Under no circumstances should a therapist afford to treat clients as “not sane”, “incapable”, “weak”, “immature”, “naive”, or the like: because the client will be withdrawn and defended against it react and the therapist will never be able to realize the necessary basic variables with such an attitude! Thus, a sustainable therapeutic alliance can never come about.
Systematic Desensitization Or Exposure?
Sometimes considered synonyms, others erroneously distinguished, systematic desensitization and exposure are very valuable techniques in the psychological field in order to treat problems associated with anxiety.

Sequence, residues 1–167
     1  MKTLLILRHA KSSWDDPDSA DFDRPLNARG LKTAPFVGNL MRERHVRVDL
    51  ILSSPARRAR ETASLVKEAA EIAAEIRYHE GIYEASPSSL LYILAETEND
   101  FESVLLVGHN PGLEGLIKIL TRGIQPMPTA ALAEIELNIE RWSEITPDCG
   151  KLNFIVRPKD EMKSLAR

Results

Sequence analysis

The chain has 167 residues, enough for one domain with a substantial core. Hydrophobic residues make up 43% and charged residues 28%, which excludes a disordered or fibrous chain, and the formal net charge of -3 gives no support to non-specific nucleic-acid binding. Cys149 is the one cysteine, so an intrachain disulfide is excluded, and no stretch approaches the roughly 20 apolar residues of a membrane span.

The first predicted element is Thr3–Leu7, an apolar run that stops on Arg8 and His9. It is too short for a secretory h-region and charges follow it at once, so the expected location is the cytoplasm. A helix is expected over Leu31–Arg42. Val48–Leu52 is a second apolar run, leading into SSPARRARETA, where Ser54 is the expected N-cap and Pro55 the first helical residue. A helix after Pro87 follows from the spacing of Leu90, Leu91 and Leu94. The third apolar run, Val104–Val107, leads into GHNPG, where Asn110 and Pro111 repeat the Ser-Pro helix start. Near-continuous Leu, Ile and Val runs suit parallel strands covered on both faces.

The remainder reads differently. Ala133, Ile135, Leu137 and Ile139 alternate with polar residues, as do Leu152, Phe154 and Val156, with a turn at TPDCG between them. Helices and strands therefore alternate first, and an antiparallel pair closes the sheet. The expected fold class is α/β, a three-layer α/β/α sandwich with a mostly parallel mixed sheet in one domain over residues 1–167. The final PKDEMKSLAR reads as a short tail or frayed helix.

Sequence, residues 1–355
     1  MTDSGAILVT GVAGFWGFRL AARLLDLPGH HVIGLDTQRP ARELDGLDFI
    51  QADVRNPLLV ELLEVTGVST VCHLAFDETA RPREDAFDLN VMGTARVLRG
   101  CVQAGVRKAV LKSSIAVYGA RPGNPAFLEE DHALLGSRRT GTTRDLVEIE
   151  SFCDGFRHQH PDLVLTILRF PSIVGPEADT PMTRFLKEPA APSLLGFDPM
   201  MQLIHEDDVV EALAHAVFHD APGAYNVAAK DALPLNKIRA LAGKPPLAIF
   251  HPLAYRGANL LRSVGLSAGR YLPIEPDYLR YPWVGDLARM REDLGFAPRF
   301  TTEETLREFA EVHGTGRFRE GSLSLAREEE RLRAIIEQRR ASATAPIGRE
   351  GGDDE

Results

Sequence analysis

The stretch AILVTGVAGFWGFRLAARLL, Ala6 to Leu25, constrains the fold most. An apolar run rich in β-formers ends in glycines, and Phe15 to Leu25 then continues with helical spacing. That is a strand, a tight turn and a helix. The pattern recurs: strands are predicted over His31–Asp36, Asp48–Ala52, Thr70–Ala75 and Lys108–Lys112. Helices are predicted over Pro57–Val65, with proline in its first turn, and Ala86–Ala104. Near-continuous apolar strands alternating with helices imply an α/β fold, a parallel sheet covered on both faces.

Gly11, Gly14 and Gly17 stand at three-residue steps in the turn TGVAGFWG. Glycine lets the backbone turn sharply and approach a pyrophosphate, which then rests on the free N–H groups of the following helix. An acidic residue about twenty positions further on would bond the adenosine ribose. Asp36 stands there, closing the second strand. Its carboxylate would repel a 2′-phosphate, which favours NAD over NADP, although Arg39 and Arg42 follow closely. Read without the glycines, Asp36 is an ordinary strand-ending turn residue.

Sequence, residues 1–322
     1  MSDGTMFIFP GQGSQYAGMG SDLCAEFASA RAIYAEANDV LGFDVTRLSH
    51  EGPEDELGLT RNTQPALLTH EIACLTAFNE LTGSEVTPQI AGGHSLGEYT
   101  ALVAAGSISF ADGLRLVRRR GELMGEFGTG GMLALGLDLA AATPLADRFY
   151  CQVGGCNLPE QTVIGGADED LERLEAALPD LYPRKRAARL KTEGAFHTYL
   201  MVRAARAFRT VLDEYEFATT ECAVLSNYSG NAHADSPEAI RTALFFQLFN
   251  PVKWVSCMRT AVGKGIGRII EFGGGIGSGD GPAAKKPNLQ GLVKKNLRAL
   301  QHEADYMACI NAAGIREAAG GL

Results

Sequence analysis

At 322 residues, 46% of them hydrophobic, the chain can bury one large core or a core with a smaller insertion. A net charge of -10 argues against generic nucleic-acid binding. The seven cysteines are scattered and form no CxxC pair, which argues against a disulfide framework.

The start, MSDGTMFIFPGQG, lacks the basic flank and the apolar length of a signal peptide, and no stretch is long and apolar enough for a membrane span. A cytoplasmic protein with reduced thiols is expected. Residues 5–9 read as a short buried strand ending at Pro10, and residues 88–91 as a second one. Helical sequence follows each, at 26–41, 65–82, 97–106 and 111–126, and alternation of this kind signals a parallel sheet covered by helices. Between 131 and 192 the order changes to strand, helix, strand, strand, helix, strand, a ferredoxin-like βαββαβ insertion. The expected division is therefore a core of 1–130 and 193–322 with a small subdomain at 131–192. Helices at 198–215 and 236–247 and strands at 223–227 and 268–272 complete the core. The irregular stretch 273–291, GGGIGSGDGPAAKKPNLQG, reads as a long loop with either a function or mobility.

Systematic desensitization and exposure are techniques often used in psychology. Generally, they are considered useful for putting the subject in contact with the stimulus that terrifies him or that causes anxiety in him, in order to reduce it.
In light of this, these techniques may be particularly useful for treating anxiety disorders (they are very effective in cases of phobia), mood disorders, or obsessive-compulsive disorders.
Since anxiety is a constant in any mental disorder, we are talking about two truly versatile techniques. However, the limits presented by one can be overcome by the other (such as the problem of abandonment or denial in the event of exposure with response prevention).
Thus, systematic desensitization and exposure are believed to be great techniques for eliminating fear through fear itself.
What Is Systematic Desensitization? What Is The Exhibition?